Litch’s youth movement

Heading into the 2015-2016 Litchfield High School sports season, I sensed a consistent theme: roster turnover.

Across many of the Dragons’ fall sports rosters, talented, high-impact seniors were departing and there were numerous question marks about who would step up to fill the vacated spots.

Well, two months into the fall sports season that question is being answered by these teams’ youngsters.

There is a youth movement afoot in Litchfield.

I first thought about it as I watched the Dragon girls play in the team portion of last week’s Section 5A tournament in Sartell.

Last year’s team, which finished second in sections, was buoyed by the senior doubles duo of Kennedy Sommerfeld and Kalley Spreiter, who capped off terrific careers with a third-place doubles finish in the Class A state tournament.

This year’s team finished one match short of last year, losing 4-3 to Foley Oct. 13 in the section semifinals.

But what was most heartening about the Dragons’ section showing was the team’s youthful composition: the Litch lineup that day comprised two seniors, one junior, one sophomore, two freshmen, three eighth-graders and a seventh-grader, and the team’s three wins came from freshman Laney Huhner, eighth-grader Alyssa Ross and the doubles duo of eighth-grader Vaida Behnke and seventh-grader Avery Stilwell.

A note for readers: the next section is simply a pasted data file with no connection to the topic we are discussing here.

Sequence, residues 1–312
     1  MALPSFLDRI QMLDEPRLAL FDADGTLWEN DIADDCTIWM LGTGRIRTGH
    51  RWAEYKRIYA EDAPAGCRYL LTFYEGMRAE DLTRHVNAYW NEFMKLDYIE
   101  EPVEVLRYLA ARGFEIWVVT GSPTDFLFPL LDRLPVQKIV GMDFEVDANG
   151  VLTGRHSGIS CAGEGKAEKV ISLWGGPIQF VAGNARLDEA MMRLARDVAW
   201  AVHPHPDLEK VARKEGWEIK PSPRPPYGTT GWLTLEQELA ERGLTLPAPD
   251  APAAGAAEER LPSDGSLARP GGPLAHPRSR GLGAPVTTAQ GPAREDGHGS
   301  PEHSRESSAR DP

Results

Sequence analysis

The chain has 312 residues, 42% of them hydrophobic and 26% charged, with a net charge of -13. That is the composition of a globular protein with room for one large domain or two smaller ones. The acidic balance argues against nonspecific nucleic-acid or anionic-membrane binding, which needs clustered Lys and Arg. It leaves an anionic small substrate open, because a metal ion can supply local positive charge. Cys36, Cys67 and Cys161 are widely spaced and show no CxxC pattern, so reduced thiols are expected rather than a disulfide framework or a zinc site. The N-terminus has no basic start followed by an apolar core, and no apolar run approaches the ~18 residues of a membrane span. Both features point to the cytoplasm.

And this week, Huhner and fellow freshman Shanna Kinny teamed up to take second in the individual portion of the Section 5A tourney, punching their ticket to state.

“It’s definitely nice to have a couple of ninth-graders who have been through those situations,” said head coach Matt Draeger. “It’s only going to help in the long run — not only for themselves but to help out their teammates with leadership throughout the future.”

The strong performances by some of the team’s youngest players augured well for next season — and typified a fall season that’s seen underclassmen and junior-high athletes step up and thrive.

First-year activities director Justin Brown believes that Dragon coaches have laid the groundwork for success across such a wide-range of age levels.

“I think, number one, it goes down to our coaches having heavy influences all the way down to the younger levels,” Brown said, Litchfield Community Education and summer programs as examples.

And, of course, the younger crop must perform when given the chance — and Litchfield’s is, Brown said.

“Our younger kids are seeing opportunities and making the most of them,” he said.

Youth propels football

The Litch football team graduated 19 seniors from last year’s one-win team, and there was some uncertainty before the season started over how that void would be filled.

The Dragons received significant contributions from its senior class, of course, but this year’s roster was composed primarily of juniors and sophomores — and the team made huge strides, winning four regular-season games for the first time since 2011 and beating Glencoe-Silver Lake for the first time in a decade.

“I think we’re going in the right direction,” said Litchfield head coach Jim Jackman, “ (But) it’s up to the kids now to keep working hard and preparing themselves.”

Freshman Logan Nelson was also one of the Dragons’ featured running backs, a rarity for varsity football, especially in the tough Wright County Conference.